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To Quit or Not to Quit: The Economics of Quitting

***This blog post is inspired by the Freakonomics Radio Podcast, Episode 42: The Upside of Quitting and Dr. John A. List’s Optimal Quitting

“Never Give In, Never, Never, Never…” Winston Churchill, October 29 1941. Such is the famous speech of Winston Churchill that gave rise to the popular notion to persevere and persist against all odds. We have always been conditioned by society, popular culture, sports, media and even in schools to never, ever, give up. Never quit because once you do, you lose. And we see it everywhere: stories of sheer perseverance leading to tremendous success is always highlighted in media. But then again, I wonder—for every one or two of these success stories, how many hundreds of those, thousands even, that continued to persevere, actually succeeded…or failed? I guess we’ll never know because those stories don’t always make the headlines.

I am not in any way advocating for quitting and in fact, always err on the side of persevering and working hard. But then again, at what point do we say that certain things are futile, and when do we course correct? In other words, is there such a thing known as Optimal Quitting?

Robert Reich, was the former U.S. secretary of the Department of Labor during the Clinton administration, and he quit at the height of his career. When asked why he decided to leave his very esteemed post, he cited that the amount of time it took him to work long hours in the White House took his precious time away from his kids. This relates to the concept of opportunity cost, which is the “value of the next-best alternative when a decision is made; it’s what’s given up.” When faced with two alternatives, a rational decision maker chooses the one that valued more. In Mr. Reich’s case, time spent with his family is something that he values more.

All our decisions involve opportunity costs, from simple decisions to play video games versus doing homework, food choices, and even where to go to college.

In fact, there is a concept called “Optimal Quitting”, and according to economist and University of Chicago professor, John A List, PhD, it’s an art and very much a very personal one for him. As a young man, Dr. List wanted to be a golfer, researching and practicing his swings while working long and hard on his passion. But he soon realized that, in spite of his talents, being a professional golfer was just not meant for him, leading him to the very difficult decision to quit. Growing up in a midwest culture of resilience and never giving up did not help making this decision, either. But he did quit golf and he turned to his next best passion, his true calling—economics. Even that was not a cakewalk for him, but with perseverance, all the hard work paid off. His realization was that, when he quit when he did, he realized that giving up on his dream as a golfer led him to a career path where he could make a greater contribution to society. Today, Dr. List is an author, professor, advisor to corporations like Uber, Lyft, the Chicago White Sox, and the federal government, and, most importantly, an educator.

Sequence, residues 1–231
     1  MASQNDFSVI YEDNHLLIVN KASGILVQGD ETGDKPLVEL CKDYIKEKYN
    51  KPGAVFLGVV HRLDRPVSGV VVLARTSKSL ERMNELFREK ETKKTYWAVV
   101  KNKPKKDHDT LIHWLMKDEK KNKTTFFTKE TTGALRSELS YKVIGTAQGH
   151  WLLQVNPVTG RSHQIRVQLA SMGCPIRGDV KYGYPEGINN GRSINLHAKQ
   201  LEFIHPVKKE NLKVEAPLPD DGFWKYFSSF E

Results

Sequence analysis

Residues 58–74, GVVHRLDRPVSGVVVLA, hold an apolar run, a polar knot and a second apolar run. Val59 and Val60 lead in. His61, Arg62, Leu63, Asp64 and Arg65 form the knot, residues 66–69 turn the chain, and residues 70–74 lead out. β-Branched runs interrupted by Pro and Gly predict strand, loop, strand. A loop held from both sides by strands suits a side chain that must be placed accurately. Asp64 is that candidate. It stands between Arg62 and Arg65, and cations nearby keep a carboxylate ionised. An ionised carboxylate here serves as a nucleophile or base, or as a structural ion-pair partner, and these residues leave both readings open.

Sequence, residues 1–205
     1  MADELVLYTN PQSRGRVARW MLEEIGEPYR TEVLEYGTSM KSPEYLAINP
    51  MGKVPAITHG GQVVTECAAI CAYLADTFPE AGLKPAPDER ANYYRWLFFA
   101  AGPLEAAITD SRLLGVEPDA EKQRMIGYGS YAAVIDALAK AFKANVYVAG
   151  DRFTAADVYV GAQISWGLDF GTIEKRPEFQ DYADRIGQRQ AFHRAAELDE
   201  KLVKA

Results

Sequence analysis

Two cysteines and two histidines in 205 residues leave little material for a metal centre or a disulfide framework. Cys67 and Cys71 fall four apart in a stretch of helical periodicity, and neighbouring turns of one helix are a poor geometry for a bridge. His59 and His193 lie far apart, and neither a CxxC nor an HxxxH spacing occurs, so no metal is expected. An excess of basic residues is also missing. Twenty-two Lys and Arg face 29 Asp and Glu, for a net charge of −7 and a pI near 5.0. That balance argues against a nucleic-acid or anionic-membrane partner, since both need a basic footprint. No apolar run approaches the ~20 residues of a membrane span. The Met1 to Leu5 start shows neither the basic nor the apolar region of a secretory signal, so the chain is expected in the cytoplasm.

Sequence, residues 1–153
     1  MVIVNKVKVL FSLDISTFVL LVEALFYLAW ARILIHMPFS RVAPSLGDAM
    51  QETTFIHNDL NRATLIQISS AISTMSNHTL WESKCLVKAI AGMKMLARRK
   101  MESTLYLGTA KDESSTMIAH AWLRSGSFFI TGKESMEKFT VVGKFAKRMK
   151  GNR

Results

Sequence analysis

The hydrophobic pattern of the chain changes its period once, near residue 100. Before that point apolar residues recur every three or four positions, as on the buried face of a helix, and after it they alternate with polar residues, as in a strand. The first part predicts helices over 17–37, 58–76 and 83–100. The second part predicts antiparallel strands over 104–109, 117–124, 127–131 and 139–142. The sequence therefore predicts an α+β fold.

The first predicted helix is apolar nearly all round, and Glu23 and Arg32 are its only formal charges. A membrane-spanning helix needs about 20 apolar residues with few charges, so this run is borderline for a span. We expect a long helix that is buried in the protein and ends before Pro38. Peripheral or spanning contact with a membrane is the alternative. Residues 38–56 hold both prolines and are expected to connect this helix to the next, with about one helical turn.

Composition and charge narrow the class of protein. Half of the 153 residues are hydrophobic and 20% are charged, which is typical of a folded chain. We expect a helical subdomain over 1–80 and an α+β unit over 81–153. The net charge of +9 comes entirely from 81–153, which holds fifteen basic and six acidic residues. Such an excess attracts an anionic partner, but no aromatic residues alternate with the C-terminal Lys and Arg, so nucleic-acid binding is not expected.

John A. List, PhD believes there is such a thing called Optimal Quitting.

So if this is the case, why do some, if not most, choose to “tough it out”? As mentioned, the stigma of quitting is so embedded into our consciousness and carries with it a negative connotation. On top of this is the economic concept of sunk costs, or more specifically for this example, the sunk cost fallacy, which tends to complicate the decision making process. Sunk costs is money (time/effort) that cannot be recovered. The sunk cost fallacy is “the tendency to continue with an endeavor we’ve invested money, effort, time into—even if the current costs outweigh the benefits." The sunk cost fallacy can lead us to make irrational decisions from something as mundane as continuing to watch an movie you’re watching because you’ve already paid for it to something more costly like continuing to invest in a bad investment because you’re in too deep.

Sunk costs can sink us deeper if we continue to stick on a course of action that is not working out.

So when you we know when to quit? Dr. List proposes to keep looking at outside opportunities and how they are changing. If those opportunities look better than the status quo, then most likely quitting should be considered a more viable option. Dr. Steven Levitt, another University of Chicago professor and Freakonomics author goes further to say to “quit fast.” In his experience as an economist, of the hundred of ideas that he has, only two or three end up being actual academic papers. It is the skill to see which ideas are most likely going to fail and deciding to move onto another idea. And I think that makes complete sense…the fewer sunk costs incurred, the easier for one to pivot to another idea.

Pivot…I like that word. Like I said, I have a problem with quitting but pivoting—that I can do! It is after all, one of my favorite moves in basketball, to pivot so I open the opportunity for a good play or get open for a shot. #kevinmchale

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